And water polo. As is Dettamanti, who spent many of his days in Italy watching the best pro teams play. He still follows the college game, as well, and was in Berkeley a few weeks ago for the annual NorCal Tournament featuring the likes of Cal, Stanford, UCLA and USC.
"The sport has changed a lot," said Dettamanti, who has kept up with the changes. In fact, he helped Palazzo install a European pro defense at Menlo-Atherton. Thus, the Bears have been learning as they go this season -- especially after losing nine players to graduation off a team that went 15-12 and lost in the CCS Division I quarterfinals last season under coach Johnny Bega, who was in his fifth season.
When Bega left to become the boys' coach at Los Altos, that opened the door for Palazzo and Dettamanti and the ensuing challenge.
"Having Dante with me at Menlo-Atherton is something incredible," Palazzo said. "I learn from him every moment and the boys know how lucky we are to have a mentor like him helping us.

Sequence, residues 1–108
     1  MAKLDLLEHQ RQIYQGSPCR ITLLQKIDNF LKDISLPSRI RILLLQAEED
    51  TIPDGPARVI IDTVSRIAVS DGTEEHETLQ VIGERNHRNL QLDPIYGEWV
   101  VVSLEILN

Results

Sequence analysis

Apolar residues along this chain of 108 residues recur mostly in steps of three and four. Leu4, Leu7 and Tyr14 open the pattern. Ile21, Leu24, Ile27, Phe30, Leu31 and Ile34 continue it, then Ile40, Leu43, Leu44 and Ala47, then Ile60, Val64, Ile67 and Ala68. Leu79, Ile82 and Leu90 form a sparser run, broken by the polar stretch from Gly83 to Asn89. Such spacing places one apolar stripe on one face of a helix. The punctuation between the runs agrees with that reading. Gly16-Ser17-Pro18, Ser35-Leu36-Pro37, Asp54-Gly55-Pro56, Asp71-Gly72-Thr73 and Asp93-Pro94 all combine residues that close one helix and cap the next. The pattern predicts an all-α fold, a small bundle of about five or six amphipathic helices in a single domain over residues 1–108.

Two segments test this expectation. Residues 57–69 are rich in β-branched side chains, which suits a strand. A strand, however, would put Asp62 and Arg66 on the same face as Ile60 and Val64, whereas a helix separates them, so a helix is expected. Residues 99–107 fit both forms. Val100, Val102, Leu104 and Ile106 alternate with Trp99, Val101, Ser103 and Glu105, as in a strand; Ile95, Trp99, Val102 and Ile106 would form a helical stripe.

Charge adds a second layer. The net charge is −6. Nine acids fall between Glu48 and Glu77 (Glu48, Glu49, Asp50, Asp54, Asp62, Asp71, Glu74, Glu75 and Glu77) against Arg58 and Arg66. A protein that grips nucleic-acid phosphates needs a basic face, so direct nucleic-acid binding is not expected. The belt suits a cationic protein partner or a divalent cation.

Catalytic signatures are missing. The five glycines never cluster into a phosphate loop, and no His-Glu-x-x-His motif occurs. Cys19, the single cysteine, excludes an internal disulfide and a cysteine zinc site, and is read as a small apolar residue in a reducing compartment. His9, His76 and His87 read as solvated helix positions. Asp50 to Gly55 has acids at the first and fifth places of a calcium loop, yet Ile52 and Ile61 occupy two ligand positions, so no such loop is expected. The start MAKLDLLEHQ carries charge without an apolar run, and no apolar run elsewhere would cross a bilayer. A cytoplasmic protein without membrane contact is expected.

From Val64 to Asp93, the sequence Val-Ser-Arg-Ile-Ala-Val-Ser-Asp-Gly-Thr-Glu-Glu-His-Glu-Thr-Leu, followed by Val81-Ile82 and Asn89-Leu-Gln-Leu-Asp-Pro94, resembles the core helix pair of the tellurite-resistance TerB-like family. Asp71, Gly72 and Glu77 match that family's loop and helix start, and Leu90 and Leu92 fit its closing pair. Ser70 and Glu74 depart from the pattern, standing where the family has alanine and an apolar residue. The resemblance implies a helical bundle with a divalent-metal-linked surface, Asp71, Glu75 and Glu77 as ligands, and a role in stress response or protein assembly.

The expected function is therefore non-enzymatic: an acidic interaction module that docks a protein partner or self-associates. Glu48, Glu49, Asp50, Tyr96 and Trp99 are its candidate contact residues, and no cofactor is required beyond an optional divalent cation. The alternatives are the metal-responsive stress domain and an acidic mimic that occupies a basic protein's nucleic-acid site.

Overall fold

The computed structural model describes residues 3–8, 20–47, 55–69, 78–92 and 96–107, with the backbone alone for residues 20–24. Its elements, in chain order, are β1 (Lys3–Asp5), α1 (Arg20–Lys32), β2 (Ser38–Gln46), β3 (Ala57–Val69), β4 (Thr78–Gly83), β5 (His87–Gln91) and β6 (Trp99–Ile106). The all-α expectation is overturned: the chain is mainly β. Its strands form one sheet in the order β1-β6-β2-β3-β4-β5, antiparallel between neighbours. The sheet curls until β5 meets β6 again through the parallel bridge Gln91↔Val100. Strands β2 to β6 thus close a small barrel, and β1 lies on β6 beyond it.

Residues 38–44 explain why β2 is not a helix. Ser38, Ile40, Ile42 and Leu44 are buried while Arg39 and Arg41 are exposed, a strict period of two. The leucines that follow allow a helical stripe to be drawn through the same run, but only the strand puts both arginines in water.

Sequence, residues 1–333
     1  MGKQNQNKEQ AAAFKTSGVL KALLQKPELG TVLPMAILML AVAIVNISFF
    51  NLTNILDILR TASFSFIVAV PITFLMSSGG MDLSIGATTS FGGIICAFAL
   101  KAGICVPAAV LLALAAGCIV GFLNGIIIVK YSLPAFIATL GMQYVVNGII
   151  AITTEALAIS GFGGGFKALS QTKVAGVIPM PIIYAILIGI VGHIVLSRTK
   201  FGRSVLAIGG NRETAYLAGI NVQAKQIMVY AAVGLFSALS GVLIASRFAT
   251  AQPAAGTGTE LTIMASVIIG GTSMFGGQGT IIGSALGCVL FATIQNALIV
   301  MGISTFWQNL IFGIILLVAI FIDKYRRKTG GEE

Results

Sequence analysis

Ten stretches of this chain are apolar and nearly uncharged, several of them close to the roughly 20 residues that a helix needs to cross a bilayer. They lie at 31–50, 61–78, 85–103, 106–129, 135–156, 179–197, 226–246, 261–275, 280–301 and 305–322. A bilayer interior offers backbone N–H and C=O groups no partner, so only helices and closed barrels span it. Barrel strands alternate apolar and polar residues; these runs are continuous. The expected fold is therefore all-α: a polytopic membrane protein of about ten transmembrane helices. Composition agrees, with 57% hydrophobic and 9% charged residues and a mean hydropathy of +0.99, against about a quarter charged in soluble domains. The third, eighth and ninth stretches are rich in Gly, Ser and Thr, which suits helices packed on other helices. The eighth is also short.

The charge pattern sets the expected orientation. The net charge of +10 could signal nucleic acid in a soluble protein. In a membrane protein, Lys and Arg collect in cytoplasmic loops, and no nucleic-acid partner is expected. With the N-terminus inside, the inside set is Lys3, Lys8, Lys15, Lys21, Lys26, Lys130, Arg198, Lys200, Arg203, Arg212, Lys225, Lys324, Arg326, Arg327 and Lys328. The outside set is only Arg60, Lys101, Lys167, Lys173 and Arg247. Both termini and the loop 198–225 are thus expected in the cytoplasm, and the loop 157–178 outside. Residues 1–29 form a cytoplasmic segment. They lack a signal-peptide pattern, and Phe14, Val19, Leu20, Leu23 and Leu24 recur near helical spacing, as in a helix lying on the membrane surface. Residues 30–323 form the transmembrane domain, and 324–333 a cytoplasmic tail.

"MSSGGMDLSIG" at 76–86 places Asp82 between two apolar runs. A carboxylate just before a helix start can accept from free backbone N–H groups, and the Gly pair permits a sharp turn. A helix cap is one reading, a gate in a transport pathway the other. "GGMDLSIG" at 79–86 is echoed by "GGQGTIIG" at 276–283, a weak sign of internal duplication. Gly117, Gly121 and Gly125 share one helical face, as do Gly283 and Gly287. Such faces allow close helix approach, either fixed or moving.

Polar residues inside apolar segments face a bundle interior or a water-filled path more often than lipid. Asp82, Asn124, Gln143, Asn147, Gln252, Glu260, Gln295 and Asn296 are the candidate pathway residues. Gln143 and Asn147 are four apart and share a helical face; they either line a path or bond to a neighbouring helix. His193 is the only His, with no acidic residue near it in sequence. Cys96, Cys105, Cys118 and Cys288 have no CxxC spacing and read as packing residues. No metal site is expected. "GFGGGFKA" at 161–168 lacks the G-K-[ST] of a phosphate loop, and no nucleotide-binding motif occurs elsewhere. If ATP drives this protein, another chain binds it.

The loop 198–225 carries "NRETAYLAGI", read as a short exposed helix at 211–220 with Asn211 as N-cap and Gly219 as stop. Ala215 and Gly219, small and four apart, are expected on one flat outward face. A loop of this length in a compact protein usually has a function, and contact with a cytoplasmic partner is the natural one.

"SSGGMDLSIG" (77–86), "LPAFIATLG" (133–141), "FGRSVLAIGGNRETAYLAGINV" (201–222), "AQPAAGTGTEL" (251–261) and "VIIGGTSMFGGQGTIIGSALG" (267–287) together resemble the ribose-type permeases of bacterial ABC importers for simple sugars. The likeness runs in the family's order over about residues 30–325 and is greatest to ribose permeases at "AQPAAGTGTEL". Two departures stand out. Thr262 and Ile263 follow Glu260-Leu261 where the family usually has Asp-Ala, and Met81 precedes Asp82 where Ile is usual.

"What is amazing about working with Dante is that we understand each other without even talking. We notice the same things we saw in the water. Of course, he is way more advanced than me. His knowledge of water polo is unique in the world. I know, and all my players know, that when he opens his mouth he is just giving us pure gold. Basically, every day he does for us every thing we need to work on, and I can see the way my players get better day by day thanks to him."
Menlo-Atherton (1-0, 9-5) opened its PAL Bay Division season on Wednesday with a 16-1 romp over visiting Burlingame. The Bears will host rival Menlo on Wednesday (4 p.m.) in a likely showdown for league surpremacy.
Dettamanti and Palazzo will have the Bears ready.
"Dante is not just the best water polo coach in the country," Palazzo said, "but he is a role model for everybody -- in and out of the pool. He is in love with life, and everything he does he does with heart and passion. It's not a coincidence that he is from Italy!"